Rax Suen

April 21, 2021

Upwork is one of the largest online freelancing sites in the market today. If you are looking to kickstart your freelancing career through a freelance marketplace, this is one platform that you should try out.

With the prominence of the marketplace, you would be right to think that the competition is high. Upwork has started to limit freelancer applications for some popular job categories. However, despite the large numbers, there are only a limited number of top-notch vendors.

As both a client and freelancer on Upwork, I have had my fair share of bad hires. It is also increasingly clear that incorporating some good business and communication practices will already set you apart from a good portion of the competition.

If you just started on the platform, here are five beginner tips that will give you an edge above the lazy contractors.

1. Personalize your pitch and job applications

Avoid using one standard template for all your job applications. It is becoming evident to buyers that there are vendors just spamming applications with a single boiler template. These templated applications are also pretty obvious to spot. By personalizing your application to the job specification, you already stand out from half the competition. Address the client by name if they stated it in the job description.

That said, to save time and effort, you can consider creating a foundational template where you adjust accordingly based on the job you are applying to.

2. Provide details in responses where possible

As a freelancer, I am sometimes skeptical of job postings with extremely short descriptions.

E.g., “Need an expert level graphic designer to design marketing materials.”

The short description signals that the buyer did not spend much time creating it. It can mean that the lead is not as warm, or the project details are not finalized, and the process could drag on for a while.

A more detailed job description signifies that the buyer spent time and put more thought into it. It is a good sign that the job is likely to be of higher importance/priority to the buyer.

The same thought process applies to the buyer’s side. Spending time and effort to send a more detailed response tells the buyer that you are a committed freelancer. That is also why a standard template often sends a negative message that you can’t be bothered to address the buyer.

The clearer you can articulate your take on the project, the more trust it builds between both parties.

3. Have your portfolio ready and easy to view

On freelancing sites like Upwork, the portfolio is everything, especially when your profile is new without many reviews.

Without a portfolio, there is nothing for the client to gauge your skill level. There are way too many subpar contractors on the platform to hire without substantial justification unless you compete solely on a low price. Furthermore, there are now even contractors faking template works as their portfolio. Therefore, if you can make it evident that the portfolio belongs to you, that’s even better.

Ensure your portfolio is set up in an easy and convenient view for the client to look through. When there are so many applications, the client will not download 10-20 files to look at your work. Have your work on a website or in a collated document.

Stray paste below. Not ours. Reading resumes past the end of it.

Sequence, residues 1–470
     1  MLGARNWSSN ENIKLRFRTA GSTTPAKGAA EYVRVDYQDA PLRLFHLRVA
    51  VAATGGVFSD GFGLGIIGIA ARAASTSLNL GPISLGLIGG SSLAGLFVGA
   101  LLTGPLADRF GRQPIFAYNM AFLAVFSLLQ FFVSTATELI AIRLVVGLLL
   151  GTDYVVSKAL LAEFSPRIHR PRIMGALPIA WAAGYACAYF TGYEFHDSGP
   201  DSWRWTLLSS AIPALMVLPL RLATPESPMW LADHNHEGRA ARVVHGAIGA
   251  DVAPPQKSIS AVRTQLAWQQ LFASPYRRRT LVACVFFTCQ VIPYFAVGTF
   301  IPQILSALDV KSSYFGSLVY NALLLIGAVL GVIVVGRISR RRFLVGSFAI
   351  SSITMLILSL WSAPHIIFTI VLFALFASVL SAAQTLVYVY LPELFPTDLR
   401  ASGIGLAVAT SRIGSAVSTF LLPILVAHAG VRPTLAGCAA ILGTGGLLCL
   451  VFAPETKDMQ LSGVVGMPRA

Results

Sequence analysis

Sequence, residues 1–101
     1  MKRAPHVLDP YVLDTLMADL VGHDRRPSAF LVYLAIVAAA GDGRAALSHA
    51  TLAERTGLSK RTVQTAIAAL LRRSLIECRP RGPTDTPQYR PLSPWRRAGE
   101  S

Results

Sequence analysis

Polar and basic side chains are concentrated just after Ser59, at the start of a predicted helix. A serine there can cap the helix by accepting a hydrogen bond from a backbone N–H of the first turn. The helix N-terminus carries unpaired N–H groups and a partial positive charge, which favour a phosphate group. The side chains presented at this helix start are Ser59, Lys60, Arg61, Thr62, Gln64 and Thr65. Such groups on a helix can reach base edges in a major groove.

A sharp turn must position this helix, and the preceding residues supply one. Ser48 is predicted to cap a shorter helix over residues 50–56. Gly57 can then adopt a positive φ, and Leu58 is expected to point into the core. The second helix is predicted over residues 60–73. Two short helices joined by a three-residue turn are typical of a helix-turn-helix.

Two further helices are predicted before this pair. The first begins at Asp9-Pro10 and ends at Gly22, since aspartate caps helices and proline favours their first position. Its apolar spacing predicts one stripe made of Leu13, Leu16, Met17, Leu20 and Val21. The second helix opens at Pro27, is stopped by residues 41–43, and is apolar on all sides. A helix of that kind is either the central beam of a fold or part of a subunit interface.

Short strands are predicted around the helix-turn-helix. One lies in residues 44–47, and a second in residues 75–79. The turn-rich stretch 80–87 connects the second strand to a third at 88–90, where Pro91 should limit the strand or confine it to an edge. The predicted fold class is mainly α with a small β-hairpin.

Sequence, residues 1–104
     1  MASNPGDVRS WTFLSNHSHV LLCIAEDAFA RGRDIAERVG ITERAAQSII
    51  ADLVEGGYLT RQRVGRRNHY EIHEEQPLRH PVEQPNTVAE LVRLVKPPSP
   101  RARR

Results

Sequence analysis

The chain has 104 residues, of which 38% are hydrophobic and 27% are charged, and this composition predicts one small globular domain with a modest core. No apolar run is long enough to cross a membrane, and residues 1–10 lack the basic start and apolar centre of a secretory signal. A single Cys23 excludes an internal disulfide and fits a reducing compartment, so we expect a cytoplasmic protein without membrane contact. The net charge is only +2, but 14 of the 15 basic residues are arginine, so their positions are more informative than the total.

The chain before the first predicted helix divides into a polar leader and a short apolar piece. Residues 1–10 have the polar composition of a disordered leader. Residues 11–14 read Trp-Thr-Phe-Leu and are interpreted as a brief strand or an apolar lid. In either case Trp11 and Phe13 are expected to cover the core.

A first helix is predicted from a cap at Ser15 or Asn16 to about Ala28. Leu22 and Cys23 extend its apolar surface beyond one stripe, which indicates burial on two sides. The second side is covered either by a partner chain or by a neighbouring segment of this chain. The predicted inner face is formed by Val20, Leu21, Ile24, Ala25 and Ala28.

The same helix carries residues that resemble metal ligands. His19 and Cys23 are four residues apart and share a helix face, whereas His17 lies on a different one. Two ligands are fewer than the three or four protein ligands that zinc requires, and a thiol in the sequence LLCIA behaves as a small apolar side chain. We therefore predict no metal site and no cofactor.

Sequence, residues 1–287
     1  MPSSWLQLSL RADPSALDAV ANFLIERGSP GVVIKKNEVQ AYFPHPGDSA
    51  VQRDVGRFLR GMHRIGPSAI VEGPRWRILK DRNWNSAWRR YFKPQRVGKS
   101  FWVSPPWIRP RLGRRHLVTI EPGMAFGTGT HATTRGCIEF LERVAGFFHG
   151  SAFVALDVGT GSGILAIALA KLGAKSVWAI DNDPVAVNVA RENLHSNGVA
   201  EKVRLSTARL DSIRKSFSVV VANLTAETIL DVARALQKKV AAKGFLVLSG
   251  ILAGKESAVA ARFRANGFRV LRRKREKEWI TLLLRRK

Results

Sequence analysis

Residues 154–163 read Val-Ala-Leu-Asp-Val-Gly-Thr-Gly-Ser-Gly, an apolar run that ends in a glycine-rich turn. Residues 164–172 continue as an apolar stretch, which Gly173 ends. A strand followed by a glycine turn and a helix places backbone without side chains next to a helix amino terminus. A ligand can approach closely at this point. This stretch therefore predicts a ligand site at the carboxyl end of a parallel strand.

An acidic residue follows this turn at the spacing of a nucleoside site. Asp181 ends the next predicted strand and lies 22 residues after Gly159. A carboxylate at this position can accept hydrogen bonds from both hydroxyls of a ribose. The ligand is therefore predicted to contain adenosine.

There are many convenient platforms for uploading your work. E.g., Graphic designers can upload their work on Behance, and writers can use medium or simple blog sites like Wix or Blogger.

4. Don’t be a jack of all trades.

In most cases, specialists tend to do better than generalists on the platform. This applies particularly to areas with deeper niches like design, programming, writing, etc. One exception might be Virtual Assistants where width of skills can sometimes appeal to certain clients more than depth. Test and play around with the scope but make sure it is not spanning too wide.

If you are a writer who also codes and designs, the lack of focus creates a perception that you are not very good at any of them.

Instead of just being a graphic designer, try to go deeper into specific areas, like UX/UI design, branding, illustration, business presentation decks, etc. Make sure your portfolio reflects your positioning.

Remember: Even if you have other skillsets, you can always pitch for further projects with the same client once you get connected and have done an excellent job in the first project. If the client is pleased with you, they might ask approach you with projects of similar nature.

5. Vet the leads to optimize your “connects.”

I personally never go for new clients without any prior hires or payment verifications.

Check the hiring history of buyers to determine if they are a good fit. If your rate is $50/hour and they have always been hiring at $10/hour, it is unlikely that they will engage you. You are better off spending your “connects” and efforts on projects with more realistic budgets for your rates. Try to reference past hires of similar jobs as some clients can have a vastly different budget for different positions. (They might be willing to pay $50/hour for a developer but $10/hour for a designer).

Upwork is a competitive platform, but many leads are warm and ready to hire. If you put conscious effort into applying and servicing your clients, this can help you stand out from the competition.


Rax Suen is a top-rated plus freelancer on UpWork, and services a global clientele while traveling all around the world. He shares his travel and business insights at www.nomadsunveiled.com.